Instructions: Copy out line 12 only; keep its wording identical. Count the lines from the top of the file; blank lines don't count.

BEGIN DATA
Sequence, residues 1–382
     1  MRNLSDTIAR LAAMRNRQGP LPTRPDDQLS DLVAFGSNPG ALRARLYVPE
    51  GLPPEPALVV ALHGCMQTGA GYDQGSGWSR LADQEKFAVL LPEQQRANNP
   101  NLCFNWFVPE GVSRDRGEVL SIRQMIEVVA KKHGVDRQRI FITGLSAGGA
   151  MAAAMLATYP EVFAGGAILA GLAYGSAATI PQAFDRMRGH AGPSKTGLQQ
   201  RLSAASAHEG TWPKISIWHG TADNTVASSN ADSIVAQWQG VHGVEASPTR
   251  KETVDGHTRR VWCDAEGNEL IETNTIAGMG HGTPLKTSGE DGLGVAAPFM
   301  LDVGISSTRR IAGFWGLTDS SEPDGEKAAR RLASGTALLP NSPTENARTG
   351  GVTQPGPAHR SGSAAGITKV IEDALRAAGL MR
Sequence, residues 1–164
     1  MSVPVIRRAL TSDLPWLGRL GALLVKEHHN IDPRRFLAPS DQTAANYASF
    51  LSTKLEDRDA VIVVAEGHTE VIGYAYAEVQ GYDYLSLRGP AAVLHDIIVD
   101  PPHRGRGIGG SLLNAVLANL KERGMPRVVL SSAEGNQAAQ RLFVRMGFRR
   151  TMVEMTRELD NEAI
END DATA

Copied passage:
    51  LSTKLEDRDA VIVVAEGHTE VIGYAYAEVQ GYDYLSLRGP AAVLHDIIVD